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Ajax Is Too Loaded To Take Lightly

Antony of Ajax celebrates with David Neres after scoring their side's third goal during the UEFA Champions League group C match between AFC Ajax and Borussia Dortmund at Amsterdam Arena on October 19, 2021 in Amsterdam, Netherlands.
Dean Mouhtaropoulos/Getty Images

Any blog about Ajax will, undoubtedly, meander back towards the Champions League semi-finalist side from 2018-19. So, let’s start with that. As it currently stands, the current Ajax side—the one that just demolished Borussia Dortmund 4-0 and which now tops Group C with four wins and only one goal conceded—is just as good as the most recent glory side, and it might be even better before this season ends. Ajax is loaded with a plethora of attacking options, all of whom could star on their own teams, and so far no one has figured out quite how to stop them.

What was scariest about Tuesday’s game, at least for anyone without a vested interest in the various successes of the Netherlands’ winningest club, is that the onslaught of goals started not with any shiny new pieces, but rather with two old guns. The first came early on, from the usually accurate left foot of Dušan Tadić. It was the slightly lacking accuracy on this particular kick that led to the tally, as his cross found the unlucky head of Marco Reus, bouncing off of the blond spikes and into his own net.

The second, though, was all accuracy, as a little scramble at the edge of the box found Daley Blind, who blasted it directly into the bottom left corner:

With a 2-0 lead, and with Dortmund not doing much of anything, a looseness seemed to settle at the Johan Cruyff Arena, and it became time for the younger lads to take hold of a beaten-down opponent and drive them into the ground. 21-year-old Brazilian prospect Antony hasn’t had the craziest season of all time so far, playing only seven games across league and European play, but every time he gets the ball, he seems to make it count. That’s what happened on Tuesday. After a rather anonymous first half, Antony received the ball in the box with a handful of Dortmund players, in theory, between him and the goal. One cutback to his left foot and a perfectly curled shot that left Dortmund goalie Gregor Kobel frozen in place later, and the rout was well and truly on:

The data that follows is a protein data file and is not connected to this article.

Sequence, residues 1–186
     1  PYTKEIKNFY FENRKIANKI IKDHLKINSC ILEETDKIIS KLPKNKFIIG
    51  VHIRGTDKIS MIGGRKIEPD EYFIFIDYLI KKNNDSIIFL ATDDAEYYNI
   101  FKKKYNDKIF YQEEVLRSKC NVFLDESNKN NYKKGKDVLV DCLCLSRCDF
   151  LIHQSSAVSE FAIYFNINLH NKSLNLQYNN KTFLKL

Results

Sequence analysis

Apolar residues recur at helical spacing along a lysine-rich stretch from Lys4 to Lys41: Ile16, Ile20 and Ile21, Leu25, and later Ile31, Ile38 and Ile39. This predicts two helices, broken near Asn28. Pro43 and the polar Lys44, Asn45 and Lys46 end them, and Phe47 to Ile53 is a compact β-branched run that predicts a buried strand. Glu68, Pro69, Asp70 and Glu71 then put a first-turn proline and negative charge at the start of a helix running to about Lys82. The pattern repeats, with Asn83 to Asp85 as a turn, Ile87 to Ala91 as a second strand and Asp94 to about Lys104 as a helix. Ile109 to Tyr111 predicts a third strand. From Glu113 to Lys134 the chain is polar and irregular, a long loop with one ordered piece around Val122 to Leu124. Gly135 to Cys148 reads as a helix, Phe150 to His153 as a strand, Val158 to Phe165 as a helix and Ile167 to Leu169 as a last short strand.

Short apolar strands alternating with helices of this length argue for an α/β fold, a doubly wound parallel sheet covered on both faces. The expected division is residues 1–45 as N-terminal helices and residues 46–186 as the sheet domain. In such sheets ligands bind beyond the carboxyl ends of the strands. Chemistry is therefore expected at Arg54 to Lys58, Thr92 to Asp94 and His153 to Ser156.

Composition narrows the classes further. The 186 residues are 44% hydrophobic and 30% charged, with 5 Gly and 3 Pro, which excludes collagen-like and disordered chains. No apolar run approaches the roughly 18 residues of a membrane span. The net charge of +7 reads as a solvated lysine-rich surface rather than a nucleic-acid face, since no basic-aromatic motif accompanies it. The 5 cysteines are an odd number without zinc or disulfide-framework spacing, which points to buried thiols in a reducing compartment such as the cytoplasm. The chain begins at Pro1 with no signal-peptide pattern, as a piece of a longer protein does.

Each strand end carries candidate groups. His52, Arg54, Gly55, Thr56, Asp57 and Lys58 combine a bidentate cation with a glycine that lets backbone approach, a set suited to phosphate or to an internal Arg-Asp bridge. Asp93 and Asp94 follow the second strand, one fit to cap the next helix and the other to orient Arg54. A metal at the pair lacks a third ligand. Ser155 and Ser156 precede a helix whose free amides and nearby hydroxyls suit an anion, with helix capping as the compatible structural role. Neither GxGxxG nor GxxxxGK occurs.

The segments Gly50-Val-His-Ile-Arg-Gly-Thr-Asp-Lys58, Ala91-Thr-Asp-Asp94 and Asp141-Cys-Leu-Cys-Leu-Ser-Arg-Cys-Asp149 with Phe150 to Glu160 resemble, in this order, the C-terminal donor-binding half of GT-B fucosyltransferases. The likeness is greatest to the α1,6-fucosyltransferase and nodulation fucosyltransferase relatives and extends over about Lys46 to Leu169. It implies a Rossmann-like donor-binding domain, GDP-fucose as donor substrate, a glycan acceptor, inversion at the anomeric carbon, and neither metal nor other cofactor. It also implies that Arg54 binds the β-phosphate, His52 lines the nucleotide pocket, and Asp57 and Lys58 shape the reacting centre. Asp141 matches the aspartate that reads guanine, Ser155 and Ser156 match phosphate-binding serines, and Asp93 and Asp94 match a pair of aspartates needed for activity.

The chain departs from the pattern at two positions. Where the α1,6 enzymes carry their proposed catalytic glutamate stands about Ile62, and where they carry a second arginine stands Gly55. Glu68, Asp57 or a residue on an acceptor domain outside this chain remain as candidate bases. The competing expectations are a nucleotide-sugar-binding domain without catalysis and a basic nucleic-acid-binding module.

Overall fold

That’s not to say that anything after Antony’s goal was irrelevant, though, even as the fourth goal on the day surely was for the result. Sébastien Haller is probably the biggest part of why Ajax’s attack looks so fearsome this season, after all. After flopping out of the Premier League with West Ham after only a season and a half, Haller has taken the move to the Netherlands and squeezed it for all it’s worth (€22.5 million, for those keeping score at home). In the Eredivisie, he’s second with six goals in nine games, but that’s nothing compared to what he has done in the Champions League. His header on Tuesday made it six goals in just three games for the Ivorian striker, following a four-goal outburst in the opener against Sporting and another against Beşiktaş in the last round.

With so much firepower—I haven’t even mentioned David Neres, pictured above celebrating with Antony, or Noussair Mazraoui, who somehow has four league goals from right back—Ajax could afford to let someone like Dortmund’s freak of nature Erling Haaland score a goal or two, but the visitors didn’t even get that chance. Any time Haaland or Reus had the ball, they were closed down on rapidly, and Dortmund didn’t have much of the ball to begin with, tallying only 44 percent of possession. When they did get a shot off, goalie Remko Pasveer was there to easily collect it. The center back duo of Lisandro Martínez and Jurrien Timber—a whopping 43 years of age combined—was rock solid, though their job became easier once Dortmund started pressing after Blind’s goal.

In all, this was as dominating a performance as one will see in the Champions League, made doubly impressive by coming against the second-best team in Germany. Ajax’s group isn’t the toughest in the world even with Dortmund’s presence, so it should be able to waltz into the second round. The last time this club made it to the knockout rounds, well, it was one furious Tottenham comeback away from making the final.

That team’s narrative was all about its underdog status, as it knocked the reigning champion Real Madrid out in the Round of 16 before doing the same to Juventus in the quarterfinals. If this Ajax team keeps rolling like it has been to start the campaign, though, the only underdog it will be impossible to anoint them as any kind of underdog. Ajax is that good, and it’s not going to be a shock to see it make another deep run in the Champions League.